In the US the answer to the question of, “What are we doing for dinner?” was never, “Let’s go out for Austrian food!” But for a cafe or (maybe) two in Georgetown, there are no Austrian restaurants in the DC area. Why, I do not know.  The country’s cuisine is welcoming to even an armchair epicurean.

Austrian cuisine is not unlike American cuisine; both reflect their historical influences, and food origin controversies abound on both sides of the pond! Hamburgers? American, although Genghis Khan and his peeps were eating minced horse and camel meat centuries beforehand, just not stuffed between sesame-seeded rolls with a side of pommes frites.
Apfelstrudel? The mention of the savory, flaky pastry conjures up images of a long afternoon in a Viennese cafe, with a classic melange and the strudel holding court on your table.  Yet at the turn of the 20th century in Austria, the Hapsburg Empire counted at least 10 ethnic groups in their fold, among them the Hungarians, whose Almasretes was like the friendly frontier line between the Hapsburgs sweets and the Ottoman Empire’s Baklava.
Weiner Schnitzel? Most likely a derivation of the Italian Milanese Cotoletta. But to the victors go the spoils, and so Wiener Schnitzel, like Apfelstrudel, is a “must-eat” when in Vienna. We prefer HuhnerSchnitzel (chicken schnitzel), prompting the children to laugh that Austria’s national dish is a “flat chicken nugget.” (Sorry, Austria.)
One Austrian dish that I have taken quite the liking to is Backhendl, a 19th century delicacy and “culinary symbol of the wealth of the aristocracy and bourgeoisie,” although it never officially made its way to the Imperial Court.  In America we call it fried chicken, the origins of which are Scottish.  I have savored no fewer than a half-dozen or so variations in the last year, only one of which was akin to what a McBackhendl might taste like should the dish ever be co-opted by the Golden Arches.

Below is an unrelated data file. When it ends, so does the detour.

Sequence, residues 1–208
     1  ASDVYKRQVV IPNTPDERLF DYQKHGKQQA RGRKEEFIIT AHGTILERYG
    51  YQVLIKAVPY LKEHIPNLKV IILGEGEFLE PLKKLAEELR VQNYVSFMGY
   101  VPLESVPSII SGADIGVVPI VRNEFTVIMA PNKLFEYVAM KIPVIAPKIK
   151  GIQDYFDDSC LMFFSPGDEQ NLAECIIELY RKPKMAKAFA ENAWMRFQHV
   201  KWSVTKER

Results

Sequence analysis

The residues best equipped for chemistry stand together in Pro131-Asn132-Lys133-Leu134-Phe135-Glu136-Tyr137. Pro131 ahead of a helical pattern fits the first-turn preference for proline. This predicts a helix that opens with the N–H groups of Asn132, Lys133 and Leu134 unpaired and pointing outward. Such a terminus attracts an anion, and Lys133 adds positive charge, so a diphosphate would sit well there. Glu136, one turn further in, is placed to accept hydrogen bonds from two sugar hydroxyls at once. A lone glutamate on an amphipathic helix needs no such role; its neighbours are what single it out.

I share with you now some of the genteel goodness I have enjoyed this past year.  Backhendl a la Esterhazykeller, a cozy cellar in the Inner Stadt, tucked away in a courtyard and the ideal setting for lunch on a cold and rainy late autumn afternoon.
Backhendl Salat a la Cafe Residenz Schönbrunn. Delish if but a bit predictable, as the restaurant company serves the same fare at Cafe Hofburg, but sometimes knowing that your salad will not be swimming in dressing and your lunch will be in a most agreeable palace atmosphere is not so bad.
Backhendl Salat mit Kürbiskerne (pumpkin seeds) at an unpretentious beisl along the Donau. Kürbiskernoil is my new favorite oil.
The first of my two local favorites, Backhendl nach Wiener Art, at a restaurant in the Inner Stadt housed in the former Imperial cow shed. I realize the photo is from late December, of Anna Grace’s New Year’s good luck stuffed pig and my glass of house red wine, but the dish resembles that at Esterhazykeller. And this photo is more interesting.
Finally, a little closer to home, Backhendl im Nest mit Salat at one of my preferred heurigen in the 19th. Crispy chicken, perfectly seasoned erdapfelsalat and a little gespritzt (white wine with soda water) with friends in a shaded garden rimmed with chestnut trees…small wonder the aristocracy kept this to themselves.
Should you visit, I would delight in taking you on my personal Backhendl Tour. Guten Apetite!